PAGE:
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CCQ featured by Wilsonville Spokesman

CCQ classCCQ was featured in a Wilsonville Spokesman newspaper article this week. “Two for you and one for me” tells how our program, started 14 years ago by Koko Sutton, has grown from a small experiment to a successful program that teaches life skills along with quilting to women incarcerated at Coffee Creek Correctional Facility.

The article’s title references the fact that each student makes three quilts. Two are donated to various organizations including Emanuel Hospital, Good Samaritan Hospital, Providence St. Vincent Medical Center, Meridian Park Hospital, Providence Elder Place, Salud Medical Center, and Camp Erin. Students keep their third quilt, or give it to a loved one.

The Spokesman article offers a peak inside our Tuesday morning class, including pictures and interviews with students and instructors. “Thank you for your time and for believing in me,” one student said.

“This is two hours a week that they feel like they’re regular people. That’s special,” said lead instructor Peggy Gelbrich.

Community support for prisoners, News & Events

CCQ donates quilts to camps for kids

Zack's quiltEight year old Zack’s quilt (to his right in the picture) was one of 45 submitted for the annual Coffee Creek Quilters challenge on June 4th. Zack participated along with his grandmother, our own Judy Dunham.

In past years all challenge quilts have been donated to Camp Erin, a summer camp for kids who have experienced bereavement. This year we also donated to Camp Sunrise, a project of Hospice of Redmond. Another change this year was to give quilts made by students in our prison quilting program along with instructor-made quilts. A total of fifty-six quilts were donated to the two camps.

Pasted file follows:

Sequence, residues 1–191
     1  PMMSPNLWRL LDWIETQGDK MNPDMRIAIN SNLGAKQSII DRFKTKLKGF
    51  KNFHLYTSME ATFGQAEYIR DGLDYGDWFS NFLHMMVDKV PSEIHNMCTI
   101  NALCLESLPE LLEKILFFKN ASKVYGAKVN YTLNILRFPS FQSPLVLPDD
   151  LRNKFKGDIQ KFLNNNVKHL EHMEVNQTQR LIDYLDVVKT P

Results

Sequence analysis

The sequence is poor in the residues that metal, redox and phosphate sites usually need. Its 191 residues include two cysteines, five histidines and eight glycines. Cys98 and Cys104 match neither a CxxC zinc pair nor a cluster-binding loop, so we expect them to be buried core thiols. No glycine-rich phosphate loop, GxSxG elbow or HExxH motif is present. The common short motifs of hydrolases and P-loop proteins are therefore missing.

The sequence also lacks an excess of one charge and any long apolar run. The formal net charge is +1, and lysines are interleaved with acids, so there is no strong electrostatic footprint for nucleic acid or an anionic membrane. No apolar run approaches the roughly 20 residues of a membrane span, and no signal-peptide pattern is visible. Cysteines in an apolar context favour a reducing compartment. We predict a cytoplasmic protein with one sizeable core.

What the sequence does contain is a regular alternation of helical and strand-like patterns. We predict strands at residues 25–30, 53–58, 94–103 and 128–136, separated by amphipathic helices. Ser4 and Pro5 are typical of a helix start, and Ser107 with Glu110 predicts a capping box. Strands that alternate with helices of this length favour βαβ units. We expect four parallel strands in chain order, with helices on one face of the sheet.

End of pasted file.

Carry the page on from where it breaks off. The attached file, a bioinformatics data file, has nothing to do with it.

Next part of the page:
“Providing quilts to bereaved children has been a long term commitment for Coffee Creek Quilters instructors. The students voted that they would like to contribute also so this year is the first time student quilts have been donated to bereaved children. It is exciting to expand our outreach to Central Oregon especially since the students come from all over the state,” said CCQ President Linda Downey.

Camp Erin is a national program where young people learn to grieve and heal following the death of a loved one. Funded by the Moyer Foundation and local groups, camps are held in 45 locations in the U.S. and Canada. The camp is free for kids aged 6 to 17. Oregon’s Camp Erin is administered by the Providence Foundation and takes place this year at Camp Kuratli in Boring, OR, August 12-14.

Camp Sunrise is offered to kids ages 7-14 residing in Central Oregon who have experienced the loss of a loved one. Structured games, music, art, stories, and other therapies teach bereaved campers about grief and how to understand their feelings. The camp is open to up to 40 kids each year who reside in Deschutes, Jefferson and Crook counties and is offered at no charge. The three-day, two-night camp is held the third weekend of June.

News & Events, Quilt donations

CCQ featured on Sewing With Nancy


Coffee Creek Quilters was recently featured in a Sewing With Nancy public television broadcast. Nancy Zieman of Nancy’s Notions interviewed Peggy Gelbrich, an instructor in our Tuesday morning class in the Nancy’s Corner segment of an episode about “change-up” patchwork. You can view the five minute segment by clicking on the arrow above.

Sewing With Nancy is a half hour show that provides step-by-step instructions for sewing and quilting projects. The last segment of each episode is called Nancy’s Corner. That’s where Nancy interviews guests who make a difference in the world of sewing, quilting, and embroidery.

Wisconsin Public Television produces Sewing With Nancy in partnership with Nancy’s Notions. You can view past episodes on the WPT website. It’s broadcast on many public television stations, including Oregon Public Broadcasting.

We thank Nancy’s Notions for giving us the opportunity to tell the Coffee Creek Quilters story to a national audience.

News & Events